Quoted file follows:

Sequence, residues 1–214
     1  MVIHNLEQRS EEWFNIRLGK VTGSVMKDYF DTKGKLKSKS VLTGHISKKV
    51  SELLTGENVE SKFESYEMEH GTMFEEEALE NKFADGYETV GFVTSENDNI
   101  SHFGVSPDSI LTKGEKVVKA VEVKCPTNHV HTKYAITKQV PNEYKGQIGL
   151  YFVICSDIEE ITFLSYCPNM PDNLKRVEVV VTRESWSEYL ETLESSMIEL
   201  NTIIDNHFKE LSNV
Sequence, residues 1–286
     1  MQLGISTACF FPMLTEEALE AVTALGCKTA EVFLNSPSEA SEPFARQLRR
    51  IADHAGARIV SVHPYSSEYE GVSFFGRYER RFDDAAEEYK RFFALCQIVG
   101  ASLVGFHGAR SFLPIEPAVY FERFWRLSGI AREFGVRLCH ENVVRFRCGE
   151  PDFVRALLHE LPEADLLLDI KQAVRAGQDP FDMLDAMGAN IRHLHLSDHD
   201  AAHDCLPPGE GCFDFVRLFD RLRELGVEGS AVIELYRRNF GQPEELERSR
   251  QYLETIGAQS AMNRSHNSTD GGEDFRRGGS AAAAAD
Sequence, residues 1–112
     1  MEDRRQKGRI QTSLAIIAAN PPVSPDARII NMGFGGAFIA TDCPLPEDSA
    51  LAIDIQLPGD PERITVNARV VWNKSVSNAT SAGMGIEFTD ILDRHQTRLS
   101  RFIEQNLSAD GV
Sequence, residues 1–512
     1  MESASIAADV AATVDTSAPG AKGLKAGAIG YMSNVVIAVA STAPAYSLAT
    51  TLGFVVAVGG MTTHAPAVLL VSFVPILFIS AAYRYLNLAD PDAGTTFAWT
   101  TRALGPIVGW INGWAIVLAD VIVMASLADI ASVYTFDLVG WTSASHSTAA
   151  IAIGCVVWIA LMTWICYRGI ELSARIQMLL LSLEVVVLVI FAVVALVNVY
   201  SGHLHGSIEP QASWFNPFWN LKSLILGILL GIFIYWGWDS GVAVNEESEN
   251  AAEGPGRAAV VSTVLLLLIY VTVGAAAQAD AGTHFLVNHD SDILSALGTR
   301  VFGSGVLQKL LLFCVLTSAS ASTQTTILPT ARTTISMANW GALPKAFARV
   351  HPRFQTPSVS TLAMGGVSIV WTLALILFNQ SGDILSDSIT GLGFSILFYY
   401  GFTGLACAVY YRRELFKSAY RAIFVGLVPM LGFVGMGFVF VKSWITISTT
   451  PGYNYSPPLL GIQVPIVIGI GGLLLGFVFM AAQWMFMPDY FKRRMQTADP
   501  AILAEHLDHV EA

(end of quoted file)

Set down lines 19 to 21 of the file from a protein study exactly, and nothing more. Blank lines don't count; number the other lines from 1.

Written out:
     1  MESASIAADV AATVDTSAPG AKGLKAGAIG YMSNVVIAVA STAPAYSLAT
    51  TLGFVVAVGG MTTHAPAVLL VSFVPILFIS AAYRYLNLAD PDAGTTFAWT
   101  TRALGPIVGW INGWAIVLAD VIVMASLADI ASVYTFDLVG WTSASHSTAA